- Keep your electronics for the year. New cellphone? Must absolutely have the latest iPad? How about the newly released gaming console? Our consumption of electronics is reaching records. Make a break, and promise not to buy new electronics this year, unless the one you already have breaks down (and when it does, ensure it is recycled properly!).
I usually push my daily goals because those goals are habit forming. When it comes to the monthly goals, I’ll set time aside on the weekends to work on them. The yearly goals are scheduled where I’ll tackle them by picking a day of the week and focusing on one yearly goal. The good thing about the way the goals are organized, is that the daily goals are the hardest to tackle, but you get to continuously work on them throughout the year. The daily goals are more focused on personal reflections, so it’s a nice reminder to not forget about taking care of yourself on a day to day basis. These are my goals that I’ve come up with, What are some of your goals you’d like to reach in the upcoming year?
Check out some other Sustainable New Year’s Resolutions from some other fellow bloggers:
I wanted to calculate my carbon footprint because I haven’t ever done so. I know that I watch what I buy and how much energy I use so I was hoping it would be low. There are aspects of my life I could probably change to reduce my carbon footprint, but I wanted a base number to start with. There are a few different carbon print calculators available, but this is the one I used. Also, I’m located in the United States of America, so I used the Nature Conservancy Carbon Calculator, from the Nature Conservancy.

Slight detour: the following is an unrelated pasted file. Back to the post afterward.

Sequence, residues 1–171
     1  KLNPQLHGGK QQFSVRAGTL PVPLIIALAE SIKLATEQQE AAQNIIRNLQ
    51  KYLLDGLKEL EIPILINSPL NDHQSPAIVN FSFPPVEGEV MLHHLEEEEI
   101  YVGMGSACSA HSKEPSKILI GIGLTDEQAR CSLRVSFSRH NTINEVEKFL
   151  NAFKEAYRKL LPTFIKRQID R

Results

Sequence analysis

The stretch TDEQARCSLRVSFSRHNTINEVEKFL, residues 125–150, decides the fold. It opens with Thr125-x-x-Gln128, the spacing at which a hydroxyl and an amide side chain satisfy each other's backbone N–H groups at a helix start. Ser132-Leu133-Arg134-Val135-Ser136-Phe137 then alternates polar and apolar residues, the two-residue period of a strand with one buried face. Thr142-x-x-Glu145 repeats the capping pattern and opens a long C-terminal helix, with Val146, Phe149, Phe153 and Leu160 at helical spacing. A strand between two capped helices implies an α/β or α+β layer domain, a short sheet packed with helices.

Because these calculators consist of a lot of smaller chunks of information, I thought I would at least list out the information needed for this calculator. I had to go searching for a large chunk of information to input, when I filled out my survey. So here is the the many pieces of information I needed, that you might need as well if you choose to use this carbon footprint calculator:
- Get Started: A QUICK CARBON FOOTPRINT ESTIMATE
- Zip Code
- State Country
- How many people live in your household?
- What is your approximate gross annual household income?
- Travel: HOW DO YOU GET AROUND?
- Car(s): (Miles per gallon)
- Public Transit: (Miles per year)
- Air Travel: (Miles per year)
- Home: HOW MUCH DO YOU USE IN YOUR HOME?
- Electricity ($/year)
- Natural Gas ($/year)
- Heating oil & Other Fuels ($/year)
- Square ft. of living space
- Water useage ($/year)
- Food: HOW MUCH DO YOU CONSUME OF EACH OF THE FOLLOWING?
- Simple Menu: (Daily calories per person)
- Meat, fish, eggs
- Grains & baked goods
- Fruits & vegetables
- Snacks, drinks, etc…
- Advanced Menu: (Daily calories per person)
- Beef, pork, lamb, veal
- Fish & seafood
- Other meat (processed, nuts, etc…)
- Poultry & eggs
- Grains & baked goods
- Fruits & Vegetables
- Snacks, drinks, etc…
- Shopping: HOW MUCH DO YOU SPEND ON EACH OF THE FOLLOWING?
- Simple Menu
- Goods ($/month)
- Services ($/month)
- Advanced Menu
- Goods ($/month)
- Furniture & appliances
- Paper, office & reading
- Personal care & cleaning
- Auto Parts
- Services ($/month)
- Health Care
- Information & Comunication
- Vehicle Services
- Personal business & Finance
- Household Maintenance & Repair
- Organizations & Charity
- Other Services
So my results stated that my Total Footprint is 20 tons CO2/year, which is 59% better than average person. This is a good standing to start from. I’m actually quite happy with it. I could try to adjust my daily decisions to see if I can reduce my footprint a re-take the survey, but it’s a good starting point.